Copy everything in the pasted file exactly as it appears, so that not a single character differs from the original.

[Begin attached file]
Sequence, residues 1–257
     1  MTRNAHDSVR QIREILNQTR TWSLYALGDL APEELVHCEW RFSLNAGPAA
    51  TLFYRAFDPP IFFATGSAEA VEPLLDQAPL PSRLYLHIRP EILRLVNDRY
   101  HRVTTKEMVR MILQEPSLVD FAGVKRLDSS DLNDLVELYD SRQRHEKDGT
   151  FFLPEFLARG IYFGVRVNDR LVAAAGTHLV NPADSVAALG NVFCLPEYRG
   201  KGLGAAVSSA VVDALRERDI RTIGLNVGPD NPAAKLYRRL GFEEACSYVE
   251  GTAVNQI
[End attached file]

Sequence, residues 1–257
     1  MTRNAHDSVR QIREILNQTR TWSLYALGDL APEELVHCEW RFSLNAGPAA
    51  TLFYRAFDPP IFFATGSAEA VEPLLDQAPL PSRLYLHIRP EILRLVNDRY
   101  HRVTTKEMVR MILQEPSLVD FAGVKRLDSS DLNDLVELYD SRQRHEKDGT
   151  FFLPEFLARG IYFGVRVNDR LVAAAGTHLV NPADSVAALG NVFCLPEYRG
   201  KGLGAAVSSA VVDALRERDI RTIGLNVGPD NPAAKLYRRL GFEEACSYVE
   251  GTAVNQI